Ahead of today's [12 Nov] inaugural MASH Conference (click here for details), editor of www.careknowledge.com, Jim Kennedy, considers the renewed focus on routes to permanency for looked after children:
ADCS's latest report confirms a continuing overall increase in demand for child protection and care services, but shows that changes in demand vary widely across authorities, with some reporting increases of 100% in some types of activity and others noting decreases of up to 30%.
Those authorities who had seen decreases in safeguarding activity put this down to:
• increasing early help services
• better multi-agency working, and
• increasing the speed with which children are found permanent placements
In its conclusions, the report confirms that many of the reasons for increased safeguarding activity, identified in the earlier stages of the research held true for the most recent phase including it says "the effects of the Southwark Judgement; increased public and professional awareness and improved multi-agency training; and better awareness of complex cases where parental factors are affecting the children such as domestic abuse, substance misuse and mental health".
But the conclusion also points to new pressures on child care activity - specifically in the new arrangements for children on custodial remand to be treated as looked after children, which make predictions for future demand difficult.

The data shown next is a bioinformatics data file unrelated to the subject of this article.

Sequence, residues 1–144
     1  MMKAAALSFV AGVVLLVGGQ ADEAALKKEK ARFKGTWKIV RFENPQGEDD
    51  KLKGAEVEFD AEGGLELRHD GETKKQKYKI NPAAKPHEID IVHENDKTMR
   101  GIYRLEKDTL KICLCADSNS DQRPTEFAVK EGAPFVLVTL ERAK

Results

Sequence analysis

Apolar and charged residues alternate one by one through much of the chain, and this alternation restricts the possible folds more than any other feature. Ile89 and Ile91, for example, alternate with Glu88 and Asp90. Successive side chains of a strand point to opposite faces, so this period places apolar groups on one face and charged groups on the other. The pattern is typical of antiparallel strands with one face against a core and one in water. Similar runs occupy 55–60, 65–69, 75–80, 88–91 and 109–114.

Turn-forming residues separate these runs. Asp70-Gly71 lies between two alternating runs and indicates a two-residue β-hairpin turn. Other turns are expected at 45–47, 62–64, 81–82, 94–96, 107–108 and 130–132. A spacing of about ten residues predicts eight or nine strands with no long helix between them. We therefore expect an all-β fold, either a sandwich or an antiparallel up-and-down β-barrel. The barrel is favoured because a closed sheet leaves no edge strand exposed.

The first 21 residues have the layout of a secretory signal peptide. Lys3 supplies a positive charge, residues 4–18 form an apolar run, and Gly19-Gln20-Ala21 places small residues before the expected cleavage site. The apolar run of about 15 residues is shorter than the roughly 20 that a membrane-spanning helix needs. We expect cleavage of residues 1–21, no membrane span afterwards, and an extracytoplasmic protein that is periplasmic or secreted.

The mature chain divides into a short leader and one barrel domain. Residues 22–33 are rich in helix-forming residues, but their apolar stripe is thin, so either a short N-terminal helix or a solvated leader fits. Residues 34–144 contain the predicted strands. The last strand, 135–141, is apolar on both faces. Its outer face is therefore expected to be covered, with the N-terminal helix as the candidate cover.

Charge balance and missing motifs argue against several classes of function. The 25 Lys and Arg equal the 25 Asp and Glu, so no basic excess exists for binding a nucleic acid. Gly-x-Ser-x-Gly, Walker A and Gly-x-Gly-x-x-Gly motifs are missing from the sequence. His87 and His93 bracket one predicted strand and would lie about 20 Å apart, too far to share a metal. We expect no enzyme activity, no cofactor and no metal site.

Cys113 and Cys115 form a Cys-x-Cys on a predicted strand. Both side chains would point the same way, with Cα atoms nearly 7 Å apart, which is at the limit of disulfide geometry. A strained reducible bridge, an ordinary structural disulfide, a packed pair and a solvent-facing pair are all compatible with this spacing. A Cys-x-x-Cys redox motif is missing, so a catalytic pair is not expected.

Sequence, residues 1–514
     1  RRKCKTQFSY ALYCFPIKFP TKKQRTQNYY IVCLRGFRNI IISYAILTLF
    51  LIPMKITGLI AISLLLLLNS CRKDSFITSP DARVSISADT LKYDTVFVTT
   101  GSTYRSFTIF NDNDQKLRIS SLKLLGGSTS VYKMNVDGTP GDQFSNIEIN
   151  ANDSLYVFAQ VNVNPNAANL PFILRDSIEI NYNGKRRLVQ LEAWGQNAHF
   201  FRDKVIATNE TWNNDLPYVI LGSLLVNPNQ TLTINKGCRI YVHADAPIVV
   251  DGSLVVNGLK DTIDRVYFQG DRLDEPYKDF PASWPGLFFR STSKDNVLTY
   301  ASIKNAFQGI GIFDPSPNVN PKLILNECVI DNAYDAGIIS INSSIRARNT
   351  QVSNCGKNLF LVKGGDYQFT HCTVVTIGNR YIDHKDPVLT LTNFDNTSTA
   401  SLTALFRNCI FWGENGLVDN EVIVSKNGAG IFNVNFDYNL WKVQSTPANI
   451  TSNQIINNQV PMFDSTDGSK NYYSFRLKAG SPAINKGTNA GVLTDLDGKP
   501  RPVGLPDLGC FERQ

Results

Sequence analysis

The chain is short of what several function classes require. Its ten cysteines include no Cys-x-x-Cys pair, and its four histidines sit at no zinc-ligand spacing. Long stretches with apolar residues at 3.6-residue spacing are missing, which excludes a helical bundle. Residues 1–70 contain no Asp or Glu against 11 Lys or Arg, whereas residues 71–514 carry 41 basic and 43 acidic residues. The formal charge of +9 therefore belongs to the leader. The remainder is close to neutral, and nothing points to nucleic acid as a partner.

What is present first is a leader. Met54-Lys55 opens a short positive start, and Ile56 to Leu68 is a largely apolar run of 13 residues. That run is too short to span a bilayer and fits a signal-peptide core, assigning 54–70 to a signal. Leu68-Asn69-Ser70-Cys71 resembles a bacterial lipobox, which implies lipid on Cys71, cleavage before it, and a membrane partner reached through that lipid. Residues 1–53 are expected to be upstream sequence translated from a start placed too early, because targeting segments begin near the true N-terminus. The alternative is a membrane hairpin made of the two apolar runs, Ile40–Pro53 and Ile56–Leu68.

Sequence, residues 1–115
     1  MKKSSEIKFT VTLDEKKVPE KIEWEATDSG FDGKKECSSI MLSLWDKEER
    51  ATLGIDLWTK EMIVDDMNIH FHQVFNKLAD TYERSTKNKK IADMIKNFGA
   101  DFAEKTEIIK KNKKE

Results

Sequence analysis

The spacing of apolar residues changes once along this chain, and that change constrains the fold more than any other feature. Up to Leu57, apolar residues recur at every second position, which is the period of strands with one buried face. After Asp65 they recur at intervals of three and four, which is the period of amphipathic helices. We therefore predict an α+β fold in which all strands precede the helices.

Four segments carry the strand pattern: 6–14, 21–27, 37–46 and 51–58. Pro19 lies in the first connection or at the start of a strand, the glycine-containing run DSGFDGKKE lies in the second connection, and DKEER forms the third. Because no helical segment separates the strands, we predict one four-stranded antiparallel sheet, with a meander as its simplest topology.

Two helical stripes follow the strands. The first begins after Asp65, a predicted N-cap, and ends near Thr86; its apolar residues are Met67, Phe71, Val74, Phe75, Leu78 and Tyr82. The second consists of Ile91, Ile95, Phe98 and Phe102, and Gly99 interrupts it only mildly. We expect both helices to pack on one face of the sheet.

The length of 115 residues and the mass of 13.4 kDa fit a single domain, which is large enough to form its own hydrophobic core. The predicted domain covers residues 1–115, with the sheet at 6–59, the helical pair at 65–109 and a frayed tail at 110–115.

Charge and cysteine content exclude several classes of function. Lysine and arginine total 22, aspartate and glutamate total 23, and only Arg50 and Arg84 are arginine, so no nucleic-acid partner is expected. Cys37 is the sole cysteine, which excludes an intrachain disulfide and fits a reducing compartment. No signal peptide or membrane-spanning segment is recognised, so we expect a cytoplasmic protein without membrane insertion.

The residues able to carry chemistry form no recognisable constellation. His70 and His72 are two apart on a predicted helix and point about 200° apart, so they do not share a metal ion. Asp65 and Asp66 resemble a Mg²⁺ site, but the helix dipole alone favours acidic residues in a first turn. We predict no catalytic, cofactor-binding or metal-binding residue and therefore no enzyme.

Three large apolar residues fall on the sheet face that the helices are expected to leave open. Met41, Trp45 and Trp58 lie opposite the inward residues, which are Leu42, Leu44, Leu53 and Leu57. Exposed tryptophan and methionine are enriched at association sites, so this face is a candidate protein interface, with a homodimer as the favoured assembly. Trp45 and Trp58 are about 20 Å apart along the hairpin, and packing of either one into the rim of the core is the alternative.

The report places a good deal of faith in the likelihood that increased early intervention will lead to decreases in safeguarding activity. That faith is partly based on the evidence offered by authorities in this phase of the research which have succeeded in making investment at the early end of the system - and believe they have seen reduced safeguarding activity, as a result. It seems to me that how this dimension plays out, in reality, across the next few years, is central, both to assumptions made, and to next generation improvements in child care.
I also think the report carries a range of data that merit much wider investigation and potential debate - particularly those that affect the Government's plans for adoption, with evidence about the difficulty of securing sibling placements, in some ways balanced by the success in increasing other forms of permanent placement. But the report also offers core information on issues such as fostering and work with children from black and ethnic minority communities that carry wider interest.
Finally, the report does make reference to the tsunami of financial restraint that has clobbered local authorities over recent years, but generally notes that child care investment has been protected. However, it would be interesting to see more debate generated on how this factor - amongst all the others - is affecting behaviour. Have resources, for example, increased at the same rate as the increased demand noted in the report? And what is likely to be the pattern over the next few years?
We will have a full report on the MASH Conference, including videos, later this week. For live updates from the event follow @policingtoday & @socialcaredan on Twitter.